Hai Yan, whom he married in 1998, a year before they opened the Pass By, says they were drawn to Nanluoguxiang because it was the rare Beijing neighborhood where young Chinese and foreigners could freely meet. As their business grew, they moved to a bigger location nearby. Some T-shirts printed for friends spawned a gift shop. Neither of them ever thought of becoming an institution.
“We opened the bar mainly as a place for our friends to hang out. Everything else came naturally,” Hai says. “We never had a plan.”
That laid-back approach provided the DNA for the rebirth of Nanluoguxiang. “It started as a celebration of Old China from the foreigner’s point of view,” says Johnson-Hill. “The location was good and we all worked to keep it from turning into another bar street, so all the businesses were distinct. We hated how the crowds and all the loud bars destroyed the Houhai area.”
New shops and old prospered gradually side by side. “That was a good time, when the foreigners first started coming,” recalls Mrs. Liu, who has sold yogurt from a grocery store for as long as anyone can seem to remember. “Back then, we liked to watch the visitors. Now it’s different. Everyone comes to drink, not to enjoy the street.”
She adds, “Most of the original residents have left, too. Housing has gotten so expensive. I have mixed feelings. It’s still interesting—people come from all over. But it’s so noisy and messy now.”
Several merchants have pulled together to form a local chamber of commerce. “We want to regulate what kind of businesses come in,” says Xu Yan, head of the group, and owner of Taste restaurant. A committee would decide whether businesses had an original approach befitting the character of the street. “This is the oldest hutong in the world. Everyone comes to Beijing to see its history.” He is confident the character and quality of Nanluo-guxiang can be maintained. “This is a cultural relic. It’s like a pearl necklace; if every store is good, it will be a beautiful necklace. If one is bad, that necklace will be ruined.”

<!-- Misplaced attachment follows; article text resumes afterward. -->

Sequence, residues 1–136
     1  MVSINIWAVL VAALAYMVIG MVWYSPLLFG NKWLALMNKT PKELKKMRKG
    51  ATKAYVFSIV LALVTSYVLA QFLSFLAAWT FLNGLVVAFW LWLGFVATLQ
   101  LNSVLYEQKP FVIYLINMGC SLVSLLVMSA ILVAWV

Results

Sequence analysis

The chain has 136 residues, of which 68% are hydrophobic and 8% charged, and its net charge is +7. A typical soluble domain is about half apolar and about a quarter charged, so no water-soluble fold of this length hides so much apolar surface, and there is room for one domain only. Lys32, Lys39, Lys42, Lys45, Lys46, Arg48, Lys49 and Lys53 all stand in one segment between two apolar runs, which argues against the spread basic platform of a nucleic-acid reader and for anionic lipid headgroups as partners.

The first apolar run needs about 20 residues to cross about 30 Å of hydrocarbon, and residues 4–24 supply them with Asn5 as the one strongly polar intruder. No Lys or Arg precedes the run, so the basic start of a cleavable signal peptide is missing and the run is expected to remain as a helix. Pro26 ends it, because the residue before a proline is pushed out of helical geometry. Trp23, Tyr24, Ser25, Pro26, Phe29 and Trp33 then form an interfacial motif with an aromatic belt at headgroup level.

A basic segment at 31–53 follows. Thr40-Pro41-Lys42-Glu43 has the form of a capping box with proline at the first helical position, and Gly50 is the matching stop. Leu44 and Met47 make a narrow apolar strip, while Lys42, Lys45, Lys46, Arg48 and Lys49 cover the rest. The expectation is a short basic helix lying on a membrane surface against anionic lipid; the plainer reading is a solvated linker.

Still, new threats to Nanluoguxiang emerge all the time. Wrecking crews are razing old houses at two locations along Ping’an Dadao. One site is destined to become a maze of gated communities—multimillion-dollar re-creations of hutong homes for the city’s newly rich. The other will host a subway station.
Can Nanluoguxiang’s offbeat spirit survive? Pedaling around my old neighborhood, I marvel how, even amid the daily throngs of tourists, I can duck down a familiar lane and find that little has changed. Around the Bell and Drum towers, kites fill the sky and card tables and chestnut stands draw crowds. After the tourist rickshaws and tourists depart, the square fills with dancing, as it has for decades. Yet, outside my former home on Jue’er, I see piles of sand and cement. And across the street, the venerable Youth Child Theater advertises a production of Zombie Park.